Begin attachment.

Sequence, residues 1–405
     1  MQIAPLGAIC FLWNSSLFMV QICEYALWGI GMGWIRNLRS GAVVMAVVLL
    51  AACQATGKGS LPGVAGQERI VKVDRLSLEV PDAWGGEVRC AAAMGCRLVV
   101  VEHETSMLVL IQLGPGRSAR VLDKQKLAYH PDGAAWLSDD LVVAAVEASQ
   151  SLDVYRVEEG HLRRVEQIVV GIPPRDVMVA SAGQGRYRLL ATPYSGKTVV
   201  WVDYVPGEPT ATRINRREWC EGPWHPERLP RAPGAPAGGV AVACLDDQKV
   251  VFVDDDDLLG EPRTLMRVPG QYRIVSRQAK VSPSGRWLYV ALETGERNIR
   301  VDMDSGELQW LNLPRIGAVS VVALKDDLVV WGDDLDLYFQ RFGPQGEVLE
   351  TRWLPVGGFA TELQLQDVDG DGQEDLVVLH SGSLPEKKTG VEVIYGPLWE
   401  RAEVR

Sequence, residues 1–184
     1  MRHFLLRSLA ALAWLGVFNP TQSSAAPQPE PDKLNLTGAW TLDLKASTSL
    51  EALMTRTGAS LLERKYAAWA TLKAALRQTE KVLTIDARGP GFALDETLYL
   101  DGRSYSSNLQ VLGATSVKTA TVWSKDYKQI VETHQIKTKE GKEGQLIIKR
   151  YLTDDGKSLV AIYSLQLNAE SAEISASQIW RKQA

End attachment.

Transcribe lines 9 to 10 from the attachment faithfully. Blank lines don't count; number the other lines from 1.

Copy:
   351  TRWLPVGGFA TELQLQDVDG DGQEDLVVLH SGSLPEKKTG VEVIYGPLWE
   401  RAEVR